How the foster care system fails so many kids—and how we can do better

The stats on teens transitioning out of foster care aren't good. Can we empower these young people to build futures to look forward to?

Sixto Cancel: I first entered foster care at 11 months. I found myself adopted at the age of nine. I remember walking into the courtroom and the judge smiling at me, asking me a very important question at the age of nine, and the question was: did I want to be adopted?
And I wanted to say no, but I was so afraid of what that “no” would mean that I said yes. And unfortunately it was a pretty abusive adoption. I found myself not being able to participate in the holidays—not being able to be part of that “forever family” idea. And so by the age of 13 I was couch-surfing quite a bit until I was able to reenter foster care. And when I reentered foster care the entire conversation was about how was it that I was going to survive after foster care? What would happen when I aged out? 23,000 young people have a similar story where they turn 18 or 21—depending on the state that they’re in—and they have to figure out how is it that they’re going to be completely self-sufficient.

I think every day people make choices about other people’s lives. And when it comes down to being a young person in foster care, before you are 18 every single choice is being made for you. And we see the results. We see 23,000 young people age out of the foster care system—20 percent will end up experiencing homelessness within the first two years; we see three percent being able to get a bachelor’s degree; and we see almost 50 percent of young people underemployed.

Part of being able to define your own story, being able to define your own journey, is that you really start to be empowered to take the actions that you feel are appropriate for your life.
For me, I was fortunate that when I was 15 I was able to participate in financial literacy programs. I was fortunate enough to be in a work-to-learn program where I got to have a job, practice what money management looked like. I went to asset trainings, which were these once-a-month trainings on how to buy a car, how to lease an apartment. And these things really equipped me to be ready for life after foster care.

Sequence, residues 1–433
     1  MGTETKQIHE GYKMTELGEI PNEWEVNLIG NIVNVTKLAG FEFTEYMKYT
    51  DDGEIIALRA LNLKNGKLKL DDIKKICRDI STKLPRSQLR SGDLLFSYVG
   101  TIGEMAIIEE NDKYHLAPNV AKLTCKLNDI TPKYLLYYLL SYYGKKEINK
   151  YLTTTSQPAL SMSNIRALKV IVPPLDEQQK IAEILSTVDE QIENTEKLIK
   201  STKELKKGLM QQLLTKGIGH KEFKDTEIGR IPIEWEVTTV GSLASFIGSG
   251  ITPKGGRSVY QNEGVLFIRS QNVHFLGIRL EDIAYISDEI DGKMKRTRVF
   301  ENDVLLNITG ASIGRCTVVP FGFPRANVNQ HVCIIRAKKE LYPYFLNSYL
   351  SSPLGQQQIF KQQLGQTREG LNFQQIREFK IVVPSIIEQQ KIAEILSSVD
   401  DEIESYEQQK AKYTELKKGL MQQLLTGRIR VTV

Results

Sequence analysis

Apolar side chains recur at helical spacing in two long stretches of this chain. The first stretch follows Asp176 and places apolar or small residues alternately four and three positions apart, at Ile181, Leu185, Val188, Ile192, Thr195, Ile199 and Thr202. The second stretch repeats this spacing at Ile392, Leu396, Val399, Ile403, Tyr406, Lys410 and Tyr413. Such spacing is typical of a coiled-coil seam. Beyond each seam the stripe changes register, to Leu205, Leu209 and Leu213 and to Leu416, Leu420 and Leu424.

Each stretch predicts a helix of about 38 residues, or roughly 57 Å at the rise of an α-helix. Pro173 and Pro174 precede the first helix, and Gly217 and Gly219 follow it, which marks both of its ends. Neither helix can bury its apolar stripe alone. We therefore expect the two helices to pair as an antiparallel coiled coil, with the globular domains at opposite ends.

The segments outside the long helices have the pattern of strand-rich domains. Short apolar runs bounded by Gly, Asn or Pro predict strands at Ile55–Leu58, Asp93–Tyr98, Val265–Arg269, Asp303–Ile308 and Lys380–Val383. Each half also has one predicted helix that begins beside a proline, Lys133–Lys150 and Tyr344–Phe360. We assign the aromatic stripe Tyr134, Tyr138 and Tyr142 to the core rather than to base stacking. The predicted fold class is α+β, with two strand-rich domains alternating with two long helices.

But not every single young person gets that, and that’s what our commitment of action is about: supporting young people with a coaching platform on how they can get from being in foster care to life after foster care.
Many systems around the country have a social worker leading the case plan, leading what will happen in a young person’s life. And we need young people to be involved in what will happen to them.
When we think so much about nonprofits and what it means to be in service to the people that we serve, too many times people come to the table thinking about how is it that they can help. But Think of Us as not about saying “how can we help”—it’s really looking at the individual and saying: you are whole and you are complete, and how is it that the folks around you can support you and coach you through some of the obstacles that they may have a little bit of knowledge on? But at the end of the day the young person at the center is the only person who has to live with these decisions for the rest of their life.

Think of Us is an online platform that allows young people to create a transition plan where they are thinking about what is it that they want to accomplish, whether that’s a two-year college, whether it’s four-year. What type of job, car, etc. It empowers young people to build their own personal advisory board of already trusted adults in their lives and people who are working within the foster care system.

Together they all work to create a transition plan where a young person identifies: what is it that they want after high school? What is it that they want after foster care? They get to set goals, action steps, be able to access resources on the platform and be able to watch content that helps them think through what might life look like after foster care.

At the end of the day, all the research and everything that we know to be true about humanity is that the connection between humans is what really supports folks in their healing, what really positions folks to develop new abilities, to position them to thrive.

And so when I think about mentorship I think about how might we continue to make sure that young people are connected with those adults who can see their needs, can see how they can get involved and be there for them.

When it comes to life after foster care, there is typically not a lot of hope on the horizon, says Sixto Cancel, who has been in and out of the foster care system since he was 11 months old. He was lucky enough to take part in programs that set him up for an independent life when he turned 18—how to manage finances, find a job, apply for an apartment, buy a car—but his story is the exception, not the rule. The stats are not good: 20 percent of young people in foster care will experience homelessness within the first two years of leaving the system. 50 percent are underemployed. Only 3 percent earn a bachelor's degree. These negative outcomes are the reason Cancel founded Think of Us, a non-profit platform that gives vulnerable youths tools and resources to plan their life, and empowers them to build a network of adult mentors they trust. For more information about Think of Us, visit www.thinkof-us.org

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